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2010 Best Chamber of Commerce: Santa Rosa Chamber of Commerce

Author: Virginie Boone
May, 2010 Issue

Jonathan Coe was perfectly happy running a chamber of commerce in Coeur d’Alene, Idaho…until he heard there was an opening in Santa Rosa.

“For 25 years, I’ve been running chambers,” Coe says. “[Santa Rosa] has always been one of the outstanding chambers in the country.” (See “Follow the Leaders,” May 2010.)

NorthBay biz
readers agree, naming it the best in the region this year. Coe came on board as president and CEO in September 2009, impressed by the Santa Rosa Chamber of Commerce’s reputation for putting together programs on the leading edge, most notably the program known as WHEEL, which stands for Worksite Held Employee English Learning, which brings teachers to worksites to train English-as-a-second-language-speaking employees.

“It’s pioneering and very important,” Coe says. “Through it, employees continue to grow and prosper and, for the companies, their productivity gets better and their turnover goes down.”

Coe feels the chamber has historically been in front of a lot of these kinds of innovative programs. “It’s an honor to be recognized,” he notes. “It’s a reflection, I think, of the variety of programs we’re undertaking for our members and our efforts to start regrowing our economy.”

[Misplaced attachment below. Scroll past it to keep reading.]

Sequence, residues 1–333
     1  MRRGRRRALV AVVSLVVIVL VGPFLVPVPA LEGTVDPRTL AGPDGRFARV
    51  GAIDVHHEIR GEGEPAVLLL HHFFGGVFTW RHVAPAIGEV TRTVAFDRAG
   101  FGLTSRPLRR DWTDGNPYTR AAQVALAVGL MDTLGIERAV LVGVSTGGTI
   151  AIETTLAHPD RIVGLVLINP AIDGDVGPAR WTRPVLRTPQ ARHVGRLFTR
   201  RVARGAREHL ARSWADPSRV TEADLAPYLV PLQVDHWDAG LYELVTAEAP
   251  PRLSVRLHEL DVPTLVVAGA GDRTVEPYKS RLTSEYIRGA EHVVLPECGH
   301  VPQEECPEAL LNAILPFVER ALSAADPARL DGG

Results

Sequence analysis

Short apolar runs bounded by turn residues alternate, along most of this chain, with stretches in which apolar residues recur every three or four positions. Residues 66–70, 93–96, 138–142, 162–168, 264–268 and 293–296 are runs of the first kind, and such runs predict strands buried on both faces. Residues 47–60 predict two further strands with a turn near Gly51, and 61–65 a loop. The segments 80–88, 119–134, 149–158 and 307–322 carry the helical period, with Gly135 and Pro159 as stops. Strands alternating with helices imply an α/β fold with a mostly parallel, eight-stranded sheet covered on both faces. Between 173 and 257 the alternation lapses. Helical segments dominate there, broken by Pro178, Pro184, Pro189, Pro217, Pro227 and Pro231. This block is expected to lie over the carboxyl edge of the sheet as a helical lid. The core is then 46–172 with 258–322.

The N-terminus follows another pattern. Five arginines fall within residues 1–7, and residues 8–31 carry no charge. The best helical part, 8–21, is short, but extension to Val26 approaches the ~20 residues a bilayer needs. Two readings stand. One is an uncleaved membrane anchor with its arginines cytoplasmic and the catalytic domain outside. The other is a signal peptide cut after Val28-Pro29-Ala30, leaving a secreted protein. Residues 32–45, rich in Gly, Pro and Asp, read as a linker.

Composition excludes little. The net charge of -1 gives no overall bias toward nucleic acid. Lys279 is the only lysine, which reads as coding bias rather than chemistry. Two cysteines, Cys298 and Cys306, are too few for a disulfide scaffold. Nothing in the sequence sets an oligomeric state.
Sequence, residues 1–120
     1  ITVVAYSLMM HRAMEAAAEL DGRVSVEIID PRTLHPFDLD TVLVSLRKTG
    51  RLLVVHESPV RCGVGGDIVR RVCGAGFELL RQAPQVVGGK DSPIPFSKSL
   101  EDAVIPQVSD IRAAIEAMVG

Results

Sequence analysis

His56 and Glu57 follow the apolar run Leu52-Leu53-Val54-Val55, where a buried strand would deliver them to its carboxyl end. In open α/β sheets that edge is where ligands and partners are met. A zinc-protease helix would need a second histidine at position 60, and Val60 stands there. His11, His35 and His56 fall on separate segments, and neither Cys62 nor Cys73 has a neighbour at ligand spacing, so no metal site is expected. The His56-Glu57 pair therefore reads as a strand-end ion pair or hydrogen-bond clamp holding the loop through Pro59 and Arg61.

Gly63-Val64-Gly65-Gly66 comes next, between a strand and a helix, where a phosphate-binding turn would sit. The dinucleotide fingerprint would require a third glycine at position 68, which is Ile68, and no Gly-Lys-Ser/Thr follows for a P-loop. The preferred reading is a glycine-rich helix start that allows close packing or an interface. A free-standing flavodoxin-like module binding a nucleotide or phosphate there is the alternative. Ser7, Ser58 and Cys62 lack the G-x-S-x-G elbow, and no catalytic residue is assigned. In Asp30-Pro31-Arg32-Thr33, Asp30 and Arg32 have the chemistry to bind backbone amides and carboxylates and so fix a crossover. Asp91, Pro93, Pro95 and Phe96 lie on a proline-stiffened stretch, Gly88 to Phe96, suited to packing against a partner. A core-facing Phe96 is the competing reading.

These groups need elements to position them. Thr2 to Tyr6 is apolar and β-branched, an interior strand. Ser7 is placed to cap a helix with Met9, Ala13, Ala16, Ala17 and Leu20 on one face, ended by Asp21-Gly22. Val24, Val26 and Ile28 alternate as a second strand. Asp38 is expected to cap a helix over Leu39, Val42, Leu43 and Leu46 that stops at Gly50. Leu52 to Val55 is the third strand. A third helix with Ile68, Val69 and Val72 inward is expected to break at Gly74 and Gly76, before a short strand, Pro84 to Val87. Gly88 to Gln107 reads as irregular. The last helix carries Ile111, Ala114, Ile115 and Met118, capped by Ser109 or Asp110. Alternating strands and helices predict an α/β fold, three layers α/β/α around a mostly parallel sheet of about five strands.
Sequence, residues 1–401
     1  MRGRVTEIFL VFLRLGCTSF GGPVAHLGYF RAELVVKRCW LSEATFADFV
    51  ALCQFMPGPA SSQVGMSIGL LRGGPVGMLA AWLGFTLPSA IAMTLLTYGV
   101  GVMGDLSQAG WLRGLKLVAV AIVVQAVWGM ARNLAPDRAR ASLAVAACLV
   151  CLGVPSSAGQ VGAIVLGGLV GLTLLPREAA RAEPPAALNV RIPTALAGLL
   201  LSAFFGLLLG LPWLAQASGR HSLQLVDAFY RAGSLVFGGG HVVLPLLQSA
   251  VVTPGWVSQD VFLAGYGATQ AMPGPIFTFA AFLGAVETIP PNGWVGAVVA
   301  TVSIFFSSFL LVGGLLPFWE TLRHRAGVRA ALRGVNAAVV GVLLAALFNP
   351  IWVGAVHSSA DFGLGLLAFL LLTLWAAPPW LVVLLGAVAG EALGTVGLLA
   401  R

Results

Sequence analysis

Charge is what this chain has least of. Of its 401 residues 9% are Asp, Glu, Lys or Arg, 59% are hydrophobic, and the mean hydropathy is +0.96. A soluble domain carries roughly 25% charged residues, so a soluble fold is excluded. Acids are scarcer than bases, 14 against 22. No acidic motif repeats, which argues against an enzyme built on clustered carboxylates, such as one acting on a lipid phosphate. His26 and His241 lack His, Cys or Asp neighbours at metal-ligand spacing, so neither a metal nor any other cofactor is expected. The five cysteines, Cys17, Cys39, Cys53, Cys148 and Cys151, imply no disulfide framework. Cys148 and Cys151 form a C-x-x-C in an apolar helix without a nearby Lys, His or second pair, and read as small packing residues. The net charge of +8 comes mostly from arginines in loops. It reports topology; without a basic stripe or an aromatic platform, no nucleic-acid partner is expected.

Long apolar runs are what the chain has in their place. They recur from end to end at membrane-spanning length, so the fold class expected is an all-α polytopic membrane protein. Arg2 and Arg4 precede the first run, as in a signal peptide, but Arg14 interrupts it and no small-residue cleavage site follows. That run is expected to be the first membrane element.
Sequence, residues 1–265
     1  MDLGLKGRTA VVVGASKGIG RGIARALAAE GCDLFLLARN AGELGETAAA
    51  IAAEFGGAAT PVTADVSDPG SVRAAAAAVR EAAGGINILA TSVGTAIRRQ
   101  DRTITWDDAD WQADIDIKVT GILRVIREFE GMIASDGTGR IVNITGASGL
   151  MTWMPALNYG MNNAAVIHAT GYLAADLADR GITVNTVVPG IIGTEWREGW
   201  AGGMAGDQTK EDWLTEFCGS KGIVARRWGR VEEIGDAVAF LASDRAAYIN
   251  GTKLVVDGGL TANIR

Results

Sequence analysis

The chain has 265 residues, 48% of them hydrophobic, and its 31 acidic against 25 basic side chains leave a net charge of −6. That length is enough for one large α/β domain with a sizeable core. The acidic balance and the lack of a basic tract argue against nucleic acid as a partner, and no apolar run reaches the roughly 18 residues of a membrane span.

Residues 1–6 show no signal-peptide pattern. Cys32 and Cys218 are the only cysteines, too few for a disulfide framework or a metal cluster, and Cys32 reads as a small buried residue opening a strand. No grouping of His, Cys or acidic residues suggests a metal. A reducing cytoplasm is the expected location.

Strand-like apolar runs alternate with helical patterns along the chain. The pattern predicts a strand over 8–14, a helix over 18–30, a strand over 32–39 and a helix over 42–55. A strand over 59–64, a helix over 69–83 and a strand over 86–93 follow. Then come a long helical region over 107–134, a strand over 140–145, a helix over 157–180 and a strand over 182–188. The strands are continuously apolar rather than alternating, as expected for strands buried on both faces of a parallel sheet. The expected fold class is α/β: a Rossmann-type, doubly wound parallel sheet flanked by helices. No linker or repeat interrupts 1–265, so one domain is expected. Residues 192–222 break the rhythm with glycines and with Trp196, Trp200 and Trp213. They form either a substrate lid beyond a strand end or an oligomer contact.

The 900 members of the Santa Rosa Chamber of Commerce are a diverse bunch, representing a broad cross-section of the city’s economy, from large medical facilities to wineries, farms and sole proprietorships.

“I’ve been impressed by the diversification of the economy here,” says Coe. “We have significant manufacturing and R&D, we’re a retailing hub, there are the wineries, and we have strong banking and medical communities.”

That can make the chamber’s job more challenging at times, but also very satisfying. “We have events that appeal to all our members, our after-hours business mixers, for example,” explains Coe, “but also we try to tailor programs to specific business sizes.”

That includes providing advocacy efforts that are especially important to larger companies and workshops in employment law, of particular assistance to companies without their own human resources departments. Ultimately, the chamber brings all manner of organizations together to see how they might help one another.

“It’s always interesting when people discover their commonalities,” Coe says.

To that end, the Santa Rosa Chamber of Commerce also brings together younger folks with its Young Professionals Network, which features a regular speaker series as well as breakfasts and mornings simply called “buzz,” a more casual chance to grab coffee with a small group and establish connections.

It also works hard to help those members looking to go green, hosting workshops on conservation, green building and more. The chamber also operates the Santa Rosa Visitors Bureau and the California Welcome Center, where last year, staff greeted 50,000 people.

“We have great staff, who are so good at interacting and listening to our members,” says Coe. “And great volunteer leadership. Our board of directors is very engaged and involved, it’s long provided direction for the chamber.”

The focus for the future is, like so many of its member businesses, on social networking with the chamber employing a full-time communications person to delve into Facebook, Twitter and other technologies it can add to its website to help members.



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